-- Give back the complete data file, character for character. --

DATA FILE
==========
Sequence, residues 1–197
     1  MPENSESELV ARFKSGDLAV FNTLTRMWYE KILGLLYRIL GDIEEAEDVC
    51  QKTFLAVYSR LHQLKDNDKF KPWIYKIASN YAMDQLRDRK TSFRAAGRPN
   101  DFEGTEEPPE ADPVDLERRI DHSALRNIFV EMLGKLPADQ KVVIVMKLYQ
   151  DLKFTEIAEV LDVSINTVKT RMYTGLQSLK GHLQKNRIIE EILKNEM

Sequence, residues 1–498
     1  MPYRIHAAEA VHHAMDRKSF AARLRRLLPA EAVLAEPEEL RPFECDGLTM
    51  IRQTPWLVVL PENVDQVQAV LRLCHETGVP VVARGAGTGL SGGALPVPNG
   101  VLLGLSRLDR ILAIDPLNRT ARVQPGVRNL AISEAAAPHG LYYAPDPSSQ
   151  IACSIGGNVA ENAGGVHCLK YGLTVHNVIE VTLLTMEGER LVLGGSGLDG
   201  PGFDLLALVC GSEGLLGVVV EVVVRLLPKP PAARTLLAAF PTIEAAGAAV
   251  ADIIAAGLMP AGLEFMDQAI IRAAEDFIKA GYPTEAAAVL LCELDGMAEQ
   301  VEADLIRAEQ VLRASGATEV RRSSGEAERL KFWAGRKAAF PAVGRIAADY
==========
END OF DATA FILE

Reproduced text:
Sequence, residues 1–197
     1  MPENSESELV ARFKSGDLAV FNTLTRMWYE KILGLLYRIL GDIEEAEDVC
    51  QKTFLAVYSR LHQLKDNDKF KPWIYKIASN YAMDQLRDRK TSFRAAGRPN
   101  DFEGTEEPPE ADPVDLERRI DHSALRNIFV EMLGKLPADQ KVVIVMKLYQ
   151  DLKFTEIAEV LDVSINTVKT RMYTGLQSLK GHLQKNRIIE EILKNEM

Sequence, residues 1–498
     1  MPYRIHAAEA VHHAMDRKSF AARLRRLLPA EAVLAEPEEL RPFECDGLTM
    51  IRQTPWLVVL PENVDQVQAV LRLCHETGVP VVARGAGTGL SGGALPVPNG
   101  VLLGLSRLDR ILAIDPLNRT ARVQPGVRNL AISEAAAPHG LYYAPDPSSQ
   151  IACSIGGNVA ENAGGVHCLK YGLTVHNVIE VTLLTMEGER LVLGGSGLDG
   201  PGFDLLALVC GSEGLLGVVV EVVVRLLPKP PAARTLLAAF PTIEAAGAAV
   251  ADIIAAGLMP AGLEFMDQAI IRAAEDFIKA GYPTEAAAVL LCELDGMAEQ
   301  VEADLIRAEQ VLRASGATEV RRSSGEAERL KFWAGRKAAF PAVGRIAADY